is perhaps most remarkable about the advance of the new ideas in Israeli government

policy is the way in which even the most sweeping changes in Israel’s

character as a Jewish state can be effected by a handful of intellectuals, with

only the most minimal of opposition from the country’s political leaders or the

public” (52).

The post-Zionists imposed their views in the public-school curriculum, in

the Basic Laws of the country, and in the IDF (Israel Defense Force), whose code

of ethics now excluded any allusion to Jewish or Zionist principles. The author

of the new code was Asa Kasher, one of Israel’s most enterprising post-Zionists,

who modestly described his composition as “the most profound code of ethics

04Chapter3.pmd 40 1/4/2006, 3:48 PM

Israelis Against Themselves 41

in the world of military ethics, in particular, and in the world of professional

ethics, in general”—so terminally profound, in fact, that an Israeli soldier

“doesn’t need to think or philosophize anymore. Someone else already... did

the thinking and decided. There are no dilemmas” (53, 56).

The ultimate triumph of post-Zionism, Hazony argues, came in its conquest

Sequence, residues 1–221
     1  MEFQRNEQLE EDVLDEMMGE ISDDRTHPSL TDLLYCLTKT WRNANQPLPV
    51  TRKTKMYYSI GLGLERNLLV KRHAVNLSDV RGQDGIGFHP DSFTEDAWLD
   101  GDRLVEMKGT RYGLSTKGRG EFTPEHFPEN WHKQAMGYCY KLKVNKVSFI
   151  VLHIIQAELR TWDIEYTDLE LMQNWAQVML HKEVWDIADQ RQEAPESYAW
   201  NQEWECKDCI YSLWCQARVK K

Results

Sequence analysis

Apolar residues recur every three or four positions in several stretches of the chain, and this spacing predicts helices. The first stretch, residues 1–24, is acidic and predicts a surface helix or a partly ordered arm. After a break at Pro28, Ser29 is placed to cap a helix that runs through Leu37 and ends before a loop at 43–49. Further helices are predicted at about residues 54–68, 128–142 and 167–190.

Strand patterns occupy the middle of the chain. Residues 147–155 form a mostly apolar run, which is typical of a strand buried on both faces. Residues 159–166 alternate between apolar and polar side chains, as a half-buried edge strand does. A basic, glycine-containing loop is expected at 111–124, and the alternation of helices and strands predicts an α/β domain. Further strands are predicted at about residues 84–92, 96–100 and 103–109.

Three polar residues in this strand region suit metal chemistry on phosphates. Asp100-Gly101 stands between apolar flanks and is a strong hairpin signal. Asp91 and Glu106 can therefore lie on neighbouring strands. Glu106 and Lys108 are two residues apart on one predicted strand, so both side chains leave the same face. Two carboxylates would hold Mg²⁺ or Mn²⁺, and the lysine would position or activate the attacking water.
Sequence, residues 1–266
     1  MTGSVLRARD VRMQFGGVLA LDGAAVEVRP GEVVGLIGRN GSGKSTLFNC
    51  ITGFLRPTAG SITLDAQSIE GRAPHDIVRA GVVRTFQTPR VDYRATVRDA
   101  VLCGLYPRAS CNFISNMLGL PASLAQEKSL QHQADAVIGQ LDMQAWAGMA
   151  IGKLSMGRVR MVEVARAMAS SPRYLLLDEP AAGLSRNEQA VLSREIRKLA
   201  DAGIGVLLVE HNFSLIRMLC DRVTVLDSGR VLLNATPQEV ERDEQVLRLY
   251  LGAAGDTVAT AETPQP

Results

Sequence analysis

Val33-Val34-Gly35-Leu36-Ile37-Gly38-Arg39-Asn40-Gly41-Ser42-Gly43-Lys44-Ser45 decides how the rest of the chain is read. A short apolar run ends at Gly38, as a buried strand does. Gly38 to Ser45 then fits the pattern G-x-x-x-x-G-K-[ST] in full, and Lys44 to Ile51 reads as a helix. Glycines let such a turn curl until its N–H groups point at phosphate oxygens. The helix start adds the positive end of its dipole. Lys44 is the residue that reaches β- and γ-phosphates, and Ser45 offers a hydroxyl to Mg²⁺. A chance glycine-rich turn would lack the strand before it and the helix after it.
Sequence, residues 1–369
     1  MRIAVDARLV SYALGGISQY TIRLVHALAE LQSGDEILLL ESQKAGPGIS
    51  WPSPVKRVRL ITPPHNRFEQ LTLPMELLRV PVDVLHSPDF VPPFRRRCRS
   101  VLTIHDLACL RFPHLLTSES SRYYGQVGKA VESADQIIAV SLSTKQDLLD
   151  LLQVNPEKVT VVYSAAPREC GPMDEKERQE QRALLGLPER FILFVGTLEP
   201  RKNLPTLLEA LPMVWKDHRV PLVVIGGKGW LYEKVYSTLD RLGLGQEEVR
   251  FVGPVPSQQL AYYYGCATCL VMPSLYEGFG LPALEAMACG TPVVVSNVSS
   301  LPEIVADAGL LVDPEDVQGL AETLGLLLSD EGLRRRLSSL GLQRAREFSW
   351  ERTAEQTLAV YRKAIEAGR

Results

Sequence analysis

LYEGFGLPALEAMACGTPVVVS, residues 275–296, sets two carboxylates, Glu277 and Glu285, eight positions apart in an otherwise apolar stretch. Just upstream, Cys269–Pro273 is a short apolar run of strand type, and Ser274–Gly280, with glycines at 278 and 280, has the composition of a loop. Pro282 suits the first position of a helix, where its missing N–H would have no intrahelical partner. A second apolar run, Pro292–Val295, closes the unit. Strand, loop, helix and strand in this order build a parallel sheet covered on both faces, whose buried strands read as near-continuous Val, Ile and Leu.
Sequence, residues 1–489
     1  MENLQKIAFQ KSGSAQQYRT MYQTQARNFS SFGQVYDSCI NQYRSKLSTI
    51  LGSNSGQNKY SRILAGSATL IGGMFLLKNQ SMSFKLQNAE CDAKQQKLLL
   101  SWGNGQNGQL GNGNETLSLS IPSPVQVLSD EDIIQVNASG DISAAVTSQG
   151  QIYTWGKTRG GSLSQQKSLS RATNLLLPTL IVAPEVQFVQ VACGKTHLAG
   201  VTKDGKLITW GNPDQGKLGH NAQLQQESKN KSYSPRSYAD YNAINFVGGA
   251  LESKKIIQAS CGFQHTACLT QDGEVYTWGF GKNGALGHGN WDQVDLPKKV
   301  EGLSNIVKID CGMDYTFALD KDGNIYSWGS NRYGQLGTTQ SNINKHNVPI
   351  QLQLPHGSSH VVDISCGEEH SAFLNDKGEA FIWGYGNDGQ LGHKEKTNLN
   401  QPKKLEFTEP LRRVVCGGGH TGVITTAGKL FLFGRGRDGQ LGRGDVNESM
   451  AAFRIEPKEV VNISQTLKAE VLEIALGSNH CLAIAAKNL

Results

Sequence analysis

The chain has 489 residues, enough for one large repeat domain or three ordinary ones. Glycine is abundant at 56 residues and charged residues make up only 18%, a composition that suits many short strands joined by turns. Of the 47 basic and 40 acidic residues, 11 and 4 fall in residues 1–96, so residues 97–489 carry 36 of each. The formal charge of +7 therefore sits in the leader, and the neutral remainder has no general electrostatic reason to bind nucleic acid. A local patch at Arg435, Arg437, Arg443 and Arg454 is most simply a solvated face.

of the Foreign Ministry and the mind of Shimon Peres. Both came to the conclusion

that Israel must retreat from the idea of an independent Jewish state. In

the accord reached with Egypt in 1978 and even in the 1994 accord with

Jordan, Israeli governments had insisted that the Arab signatories recognize the

Jewish state’s “sovereignty, territorial integrity, and political independence”

(58). But the Oslo accords with the fanatically anti-Zionist PLO conceded on

every one of these issues; and if the agreement with the PLO was partly an effect

of post-Zionism, it was an effect that became in turn a cause—giving respectability

and wide exposure to post-Zionist political prejudices formerly confined

to coteries in Rehavia and Ramat-Aviv.